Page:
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  1. #1
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    Question I want a lean, mean crunching machine

    Number crunching that is, not the sound the cooling fan makes. I think my goal is a hybrid of the low, mid and high systems but I havenít built a machine in close to 15 years so Iím sure I need some clarification on things. Here are my thoughts and you all can tell me where Iím delusional. My main activities in addition to standard web, email and office work will be writing code (C#/.NET/SQL Server), editing photos and eventually video (CS5?) as well as ripping movies to my NAS; absolutely no gaming.

    So, Iím thinking CPU/MoBo from the mid range spec but add the SSD w/1.5TB HDD and 8GB (at least) RAM like the high range and use on board sound and a lower end video card (maybe even on board for that too?) like the low range. My thinking on the video card is that Iím never gaming and the CPU is what does all the work for photo/video stuff but that is one of the things Iím confused about considering all the newer technologies like DirectX 11 and what Iíve heard about offloading work to the GPU. Even with that, itís not like Iíll be multitasking to the point Iím editing video AND photos AND have four or five other applications actively open at the same time so if I can save $100-$200 on a video card to spend elsewhere (more RAM?), wouldnít that be better? As long as I can get two, maybe three, monitors hooked up, that is one important requirement.

    If I donít care about being able to add multiple video cards and a bunch of peripherals, can I save a little on the MoBo too but still get things like the newest USB and SATA specs? The low end option looks like it will take the X6 processors and up to 16GB RAM, what do I gain for over double the price with the mid range option? DDR2/DDR3, does it matter?

    Will the 300GB partition on the HD be fine for working space for photo/video editing versus two smaller drives in a RAID 0 configuration? This is just occasional home movie stuff eventually, maybe a big project one day?

    I have no idea on cooling and case, can someone make a recommendation? I donít need a fancy, see through, neon-glowing case, something basic and just ok is fine with me as long it does what it is supposed to (keep things cool?). Iíd like the machine to be moderately quiet and not heat up my office, does that mean liquid cooling or will a couple of larger fans be fine? Do I need to cool the RAM too? Iím not going try to squeeze every possible clock cycle I can out the machine but maybe a little overclocking for performance? Power supply? Even though the high end option is probably overkill, itís only $1 w/MIR, is that a no-brainer or will that be wasteful when the PC is idle?

    Is AMD the way to go or should I consider the new Sandy Bridge stuff. When does Bulldozer come out, could that be a drop in upgrade with the right MoBo? I donít need the fastest bleeding edge tech, Iím after best performance for value. Iím replacing a Pentium4 with 2GB RAM so ANYTHING will be an upgrade and I donít plan on doing a major upgrade for years.

    What else do I need to know/get to put it all together, stuff that someone that isnít always building PCs might not think about; I need a checklist.

    I know thatís a lot of questions and if I can get it all answered in one spot that would be great but any bit of info will be helpful.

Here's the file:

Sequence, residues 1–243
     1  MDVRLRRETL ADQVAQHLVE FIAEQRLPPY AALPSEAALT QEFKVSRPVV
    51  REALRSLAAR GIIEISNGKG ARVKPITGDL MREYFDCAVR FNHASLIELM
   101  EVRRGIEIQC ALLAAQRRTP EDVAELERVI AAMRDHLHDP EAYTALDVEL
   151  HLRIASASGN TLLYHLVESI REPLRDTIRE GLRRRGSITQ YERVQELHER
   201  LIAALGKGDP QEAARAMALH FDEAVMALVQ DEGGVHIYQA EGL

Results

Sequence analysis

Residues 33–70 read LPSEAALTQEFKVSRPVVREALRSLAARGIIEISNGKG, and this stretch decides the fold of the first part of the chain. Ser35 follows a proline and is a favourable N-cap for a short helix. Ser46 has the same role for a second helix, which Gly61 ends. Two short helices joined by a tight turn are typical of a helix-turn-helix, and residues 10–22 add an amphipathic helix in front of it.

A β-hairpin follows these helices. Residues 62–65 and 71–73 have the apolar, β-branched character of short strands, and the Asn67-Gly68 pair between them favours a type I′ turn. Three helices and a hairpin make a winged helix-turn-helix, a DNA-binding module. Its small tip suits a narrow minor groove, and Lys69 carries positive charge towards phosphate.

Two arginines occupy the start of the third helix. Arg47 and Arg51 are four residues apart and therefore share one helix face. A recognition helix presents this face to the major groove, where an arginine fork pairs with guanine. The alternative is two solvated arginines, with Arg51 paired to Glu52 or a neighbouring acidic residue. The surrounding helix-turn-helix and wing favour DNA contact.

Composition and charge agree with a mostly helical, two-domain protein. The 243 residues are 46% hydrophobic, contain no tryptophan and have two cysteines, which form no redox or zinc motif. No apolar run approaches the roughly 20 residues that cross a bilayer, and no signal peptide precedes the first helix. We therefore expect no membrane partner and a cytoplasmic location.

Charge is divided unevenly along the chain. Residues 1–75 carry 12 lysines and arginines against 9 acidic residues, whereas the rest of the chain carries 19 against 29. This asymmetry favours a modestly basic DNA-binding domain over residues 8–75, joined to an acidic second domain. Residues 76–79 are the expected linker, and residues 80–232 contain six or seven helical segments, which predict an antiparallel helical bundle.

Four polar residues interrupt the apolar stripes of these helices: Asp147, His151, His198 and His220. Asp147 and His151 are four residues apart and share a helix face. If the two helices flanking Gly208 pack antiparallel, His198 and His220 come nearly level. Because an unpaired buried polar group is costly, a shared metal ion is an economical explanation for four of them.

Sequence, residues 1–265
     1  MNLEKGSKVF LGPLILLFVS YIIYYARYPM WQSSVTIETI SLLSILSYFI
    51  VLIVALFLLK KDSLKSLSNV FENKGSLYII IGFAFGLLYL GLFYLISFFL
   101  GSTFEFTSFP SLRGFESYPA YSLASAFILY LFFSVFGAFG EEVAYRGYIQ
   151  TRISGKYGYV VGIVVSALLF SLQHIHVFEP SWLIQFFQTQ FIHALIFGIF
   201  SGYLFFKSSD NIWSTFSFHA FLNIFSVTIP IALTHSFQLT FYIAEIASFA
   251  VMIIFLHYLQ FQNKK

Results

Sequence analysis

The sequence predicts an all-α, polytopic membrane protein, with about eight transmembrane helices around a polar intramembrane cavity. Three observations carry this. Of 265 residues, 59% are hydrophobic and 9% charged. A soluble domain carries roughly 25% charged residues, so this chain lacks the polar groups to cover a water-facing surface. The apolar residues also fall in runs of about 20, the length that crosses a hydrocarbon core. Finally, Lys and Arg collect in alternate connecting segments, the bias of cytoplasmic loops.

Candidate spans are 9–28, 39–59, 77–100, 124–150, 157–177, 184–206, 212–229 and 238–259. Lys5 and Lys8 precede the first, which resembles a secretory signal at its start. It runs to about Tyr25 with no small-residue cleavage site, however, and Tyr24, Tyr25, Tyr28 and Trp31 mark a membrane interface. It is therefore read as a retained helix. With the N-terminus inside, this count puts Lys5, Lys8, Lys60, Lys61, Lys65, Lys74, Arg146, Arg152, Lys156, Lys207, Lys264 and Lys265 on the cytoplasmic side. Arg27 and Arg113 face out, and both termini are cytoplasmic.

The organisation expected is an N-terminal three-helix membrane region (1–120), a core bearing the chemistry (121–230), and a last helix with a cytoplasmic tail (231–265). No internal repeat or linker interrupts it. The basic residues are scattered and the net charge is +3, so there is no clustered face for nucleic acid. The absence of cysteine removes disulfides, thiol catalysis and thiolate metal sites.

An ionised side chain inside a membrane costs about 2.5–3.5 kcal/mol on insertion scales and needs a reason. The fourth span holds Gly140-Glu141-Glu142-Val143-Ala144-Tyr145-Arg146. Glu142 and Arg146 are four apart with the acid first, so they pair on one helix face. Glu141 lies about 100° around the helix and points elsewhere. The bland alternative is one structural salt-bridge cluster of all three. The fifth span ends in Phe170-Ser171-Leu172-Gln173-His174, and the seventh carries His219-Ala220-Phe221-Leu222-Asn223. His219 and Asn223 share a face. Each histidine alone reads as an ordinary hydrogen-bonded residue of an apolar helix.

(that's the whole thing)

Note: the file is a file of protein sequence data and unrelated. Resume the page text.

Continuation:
2. #2
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    Re: I want a lean, mean crunching machine

    I looked. Honestly. But I can't find a mention of a budget anywhere in your post.

  3. #3
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    Re: I want a lean, mean crunching machine

    Good point. I suppose I'm not really locked into a specific budget, I'm more interested in a certain performance level and I think I described that pretty well (performance, not budget). The mid range system is priced about $900 so I was hoping my upgrades and downgrades would cancel each other out and I could stay around that level, I know that doesn't include everything either and I'm not sure what the rest will cost? If its a matter of saying I have a $1200 budget and I spec out a system that comes in at $1150 but for and extra $100 I could add xyz that would make the system so much better for me, I'll spend the extra $100 but I'm not going to buy $90 sound card so I can hear my default beep in 3D audio. Maybe not the best example since I eventually want to do some video stuff but that can be added when I get there and I think you get what I'm trying to communicate.

  4. #4
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    Re: I want a lean, mean crunching machine

    I put this together:

    Parts you almost definitely want:

    Intel Core i7-2600k - $315
    G.Skill Ripjaws 8GB (2x4GB) DDR3-1600 - $75
    Asus P8P67 - $155
    Corsair 650TXv2 - $80 after MIR
    Coolermaster Hyper 212+ CPU Cooler - $35

    Parts you might want:

    XFX 6950 1GB - $210 after MIR
    Corsair 600T Mid-Tower case - $135 after MIR
    Samsung F3J 1TB 7200RPM - $65

    Mobo/Ram/CPU Combo: The Ram PSU and HSF are solid choices. The mobo is at the low-end of the Asus P67 lineup, but the essentials are all there (USB3, SATA6). This is a solid board if you're considering overclocking at all. In the past, overclocking was something that took a little skill. With Sandy Bridge its ridiculously easy and I highly recommend you do it. even at stock voltage you can get a pretty healthy overclock just by bumping the multiplier up a bit. If you're dead set against it, drop to the 2600 (non-k), and an H67 motherboard.